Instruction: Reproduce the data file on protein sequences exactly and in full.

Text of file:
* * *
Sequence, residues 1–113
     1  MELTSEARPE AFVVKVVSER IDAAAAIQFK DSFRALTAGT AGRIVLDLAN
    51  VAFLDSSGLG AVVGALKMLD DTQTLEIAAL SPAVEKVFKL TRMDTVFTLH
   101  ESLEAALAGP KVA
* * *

Sequence, residues 1–113
     1  MELTSEARPE AFVVKVVSER IDAAAAIQFK DSFRALTAGT AGRIVLDLAN
    51  VAFLDSSGLG AVVGALKMLD DTQTLEIAAL SPAVEKVFKL TRMDTVFTLH
   101  ESLEAALAGP KVA